By ANGELA DAWSON
Front Row Features
HOLLYWOOD—Bryce Dallas Howard and Chris Pratt return to the jungles of Isla Nublar in “Jurassic World: Fallen Kingdom,” the inevitable sequel to the hit 2015 movie, in which their characters—Claire and Owen, respectively—were introduced into this longrunning franchise.
This time around, the now estranged former lovers reunite to rescue the remaining dinosaurs on the island from an active volcano and to help transport them to another island sanctuary provided by a wealthy benefactor. Things go topsy-turvy when they arrive and the animals’ true destination is revealed.
Howard, daughter of Oscar winning filmmaker Ron Howard and part of the “Twilight” franchise, and Pratt, best known for his Star-Lord role in Marvel’s “Guardians of the Galaxy” franchise, spoke about returning to the jungle and dodging charging CGI dinosaurs once again.
Q: Bryce, how would you describe the premise of this latest “Jurassic” movie?
Howard: This movie starts at a crisis point. There is an extinction level event that is going to occur on the island. There is an active volcano and it’s going to erupt and all of the dinosaurs are going to die unless Claire does something about it and that is where we start this movie. That’s where we begin. What we’re starting with is we now have over twenty years of dinosaurs co-existing with human beings. Did we make a mistake? Is this nature’s way of correcting itself? Should we let nature run its own course or should we step in and protect these animals that we have created ourselves?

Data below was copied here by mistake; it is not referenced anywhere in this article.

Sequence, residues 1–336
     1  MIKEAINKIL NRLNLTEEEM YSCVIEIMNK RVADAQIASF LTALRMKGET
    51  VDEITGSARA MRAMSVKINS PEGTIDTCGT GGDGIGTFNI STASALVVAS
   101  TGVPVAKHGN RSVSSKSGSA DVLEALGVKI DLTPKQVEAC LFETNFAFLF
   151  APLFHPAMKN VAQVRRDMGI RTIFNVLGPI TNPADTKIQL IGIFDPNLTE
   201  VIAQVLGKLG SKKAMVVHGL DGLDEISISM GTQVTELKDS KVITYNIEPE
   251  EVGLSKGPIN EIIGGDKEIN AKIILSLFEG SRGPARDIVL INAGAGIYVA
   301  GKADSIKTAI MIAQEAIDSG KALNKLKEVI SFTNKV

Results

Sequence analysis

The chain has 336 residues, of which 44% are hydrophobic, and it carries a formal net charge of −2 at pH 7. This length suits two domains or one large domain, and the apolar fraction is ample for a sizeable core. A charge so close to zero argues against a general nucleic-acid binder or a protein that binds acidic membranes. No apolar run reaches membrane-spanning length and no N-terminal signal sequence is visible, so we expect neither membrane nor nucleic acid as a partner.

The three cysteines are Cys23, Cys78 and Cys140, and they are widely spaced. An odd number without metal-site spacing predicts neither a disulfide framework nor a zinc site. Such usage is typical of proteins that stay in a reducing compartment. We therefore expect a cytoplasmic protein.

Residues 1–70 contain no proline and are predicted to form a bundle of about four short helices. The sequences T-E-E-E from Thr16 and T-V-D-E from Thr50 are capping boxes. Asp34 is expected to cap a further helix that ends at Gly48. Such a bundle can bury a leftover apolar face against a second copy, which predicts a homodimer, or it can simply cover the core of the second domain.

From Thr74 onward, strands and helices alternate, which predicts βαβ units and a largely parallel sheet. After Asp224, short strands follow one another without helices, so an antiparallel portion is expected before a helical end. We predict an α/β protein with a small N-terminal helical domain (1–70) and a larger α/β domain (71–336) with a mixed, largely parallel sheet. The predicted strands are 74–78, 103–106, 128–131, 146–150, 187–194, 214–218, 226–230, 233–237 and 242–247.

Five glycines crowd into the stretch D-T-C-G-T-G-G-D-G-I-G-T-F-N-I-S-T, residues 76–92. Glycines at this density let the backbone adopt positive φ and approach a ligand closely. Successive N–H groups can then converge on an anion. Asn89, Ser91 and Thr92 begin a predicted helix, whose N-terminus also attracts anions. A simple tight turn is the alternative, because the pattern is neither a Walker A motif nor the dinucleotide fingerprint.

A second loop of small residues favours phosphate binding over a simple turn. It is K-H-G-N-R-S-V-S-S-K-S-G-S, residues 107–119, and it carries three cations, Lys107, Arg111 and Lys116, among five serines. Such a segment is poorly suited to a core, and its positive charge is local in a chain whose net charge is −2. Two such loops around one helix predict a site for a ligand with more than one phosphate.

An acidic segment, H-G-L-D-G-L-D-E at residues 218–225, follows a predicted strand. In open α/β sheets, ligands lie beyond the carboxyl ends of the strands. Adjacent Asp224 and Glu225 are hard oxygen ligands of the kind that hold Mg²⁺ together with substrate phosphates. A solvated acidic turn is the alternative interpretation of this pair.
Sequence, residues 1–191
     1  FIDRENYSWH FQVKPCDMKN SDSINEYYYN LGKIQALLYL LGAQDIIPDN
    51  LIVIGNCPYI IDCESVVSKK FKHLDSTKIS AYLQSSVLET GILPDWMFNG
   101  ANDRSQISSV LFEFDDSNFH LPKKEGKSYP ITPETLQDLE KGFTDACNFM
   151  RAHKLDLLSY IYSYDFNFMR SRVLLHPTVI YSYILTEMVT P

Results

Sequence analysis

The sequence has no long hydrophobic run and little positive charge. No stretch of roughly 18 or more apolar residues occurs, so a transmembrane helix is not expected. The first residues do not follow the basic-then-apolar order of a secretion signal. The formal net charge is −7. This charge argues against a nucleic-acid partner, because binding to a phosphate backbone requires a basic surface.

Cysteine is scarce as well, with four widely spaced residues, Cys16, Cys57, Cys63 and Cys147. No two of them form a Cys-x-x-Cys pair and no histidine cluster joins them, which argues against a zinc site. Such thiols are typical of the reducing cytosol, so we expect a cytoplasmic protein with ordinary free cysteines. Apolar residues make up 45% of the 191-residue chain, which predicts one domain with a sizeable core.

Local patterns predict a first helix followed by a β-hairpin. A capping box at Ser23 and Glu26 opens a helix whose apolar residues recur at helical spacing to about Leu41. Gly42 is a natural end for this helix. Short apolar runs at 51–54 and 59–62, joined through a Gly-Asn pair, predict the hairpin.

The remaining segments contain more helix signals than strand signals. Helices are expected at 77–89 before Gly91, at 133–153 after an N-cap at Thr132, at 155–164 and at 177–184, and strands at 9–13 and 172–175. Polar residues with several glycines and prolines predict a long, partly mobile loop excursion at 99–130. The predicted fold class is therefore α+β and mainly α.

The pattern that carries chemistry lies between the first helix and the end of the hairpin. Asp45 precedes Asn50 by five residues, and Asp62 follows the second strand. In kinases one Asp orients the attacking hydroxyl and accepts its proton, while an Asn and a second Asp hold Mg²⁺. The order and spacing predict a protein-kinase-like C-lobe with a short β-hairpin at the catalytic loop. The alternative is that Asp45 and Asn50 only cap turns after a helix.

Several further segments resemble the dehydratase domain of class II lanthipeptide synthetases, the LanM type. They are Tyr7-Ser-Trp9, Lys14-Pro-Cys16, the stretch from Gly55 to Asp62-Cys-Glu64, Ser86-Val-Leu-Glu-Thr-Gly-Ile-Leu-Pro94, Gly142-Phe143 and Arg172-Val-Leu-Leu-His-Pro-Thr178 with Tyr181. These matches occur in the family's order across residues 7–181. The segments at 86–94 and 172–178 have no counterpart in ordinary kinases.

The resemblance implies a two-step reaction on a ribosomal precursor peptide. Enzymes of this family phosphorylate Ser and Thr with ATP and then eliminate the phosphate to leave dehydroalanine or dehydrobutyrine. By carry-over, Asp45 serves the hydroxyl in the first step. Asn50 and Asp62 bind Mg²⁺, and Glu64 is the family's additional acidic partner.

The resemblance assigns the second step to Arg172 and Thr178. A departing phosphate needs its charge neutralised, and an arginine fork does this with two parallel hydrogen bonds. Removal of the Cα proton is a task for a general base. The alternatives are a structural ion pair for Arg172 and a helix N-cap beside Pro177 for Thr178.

Q: Chris, what is at the core of “Jurassic Park: Fallen Kingdom?”
Pratt: The “Jurassic” movies have always been movies about science and imagination merging through thrillers with dinosaurs chasing people around. But, at the core of it, they are relationship movies about people and the relationships those people have with one another and the relationships those people have with nature. So, we’re exploring that relationship further.
Q: How was it working again with Bryce?
Pratt: Bryce is a pro. She’s Ron Howard’s daughter and she has an incredible work ethic. And I say Ron Howard’s daughter because she has that gene. She’s a filmmaker; a director, a producer and a storyteller. She really lives for this. She’s very passionate about every step of the process.
Q: Bryce, how has Claire changed since the first “Jurassic World?”
Howard: At the beginning of the first “Jurassic World,” we see a woman who has kind of lost her sense of values, compromised her sense of values in the name of profit. Now what we see is a completely different person who is deeply in touch with her values, deeply in touch with her sense of responsibility and is singularly focused on protecting the animals that she didn’t even acknowledge the value of prior to this. So, she’s a very different woman in the beginning of this film because she has found a sense of purpose and she has found her mission really and she will not stop at anything.
Q: You have a couple of new sidekicks, scientist Zia and tech whiz Franklin, played by Daniella Pineda and Justice Smith, respectively, in this one. What was it like working with those new characters/actors?
Howard: Zia is a paleo-veterinarian and Franklin is a programmer and they are sort of this motley crew that goes to the island together and Zia proves herself to be a tremendous bad*** and Franklin proves himself to be more capable than he considers himself at the beginning of the story.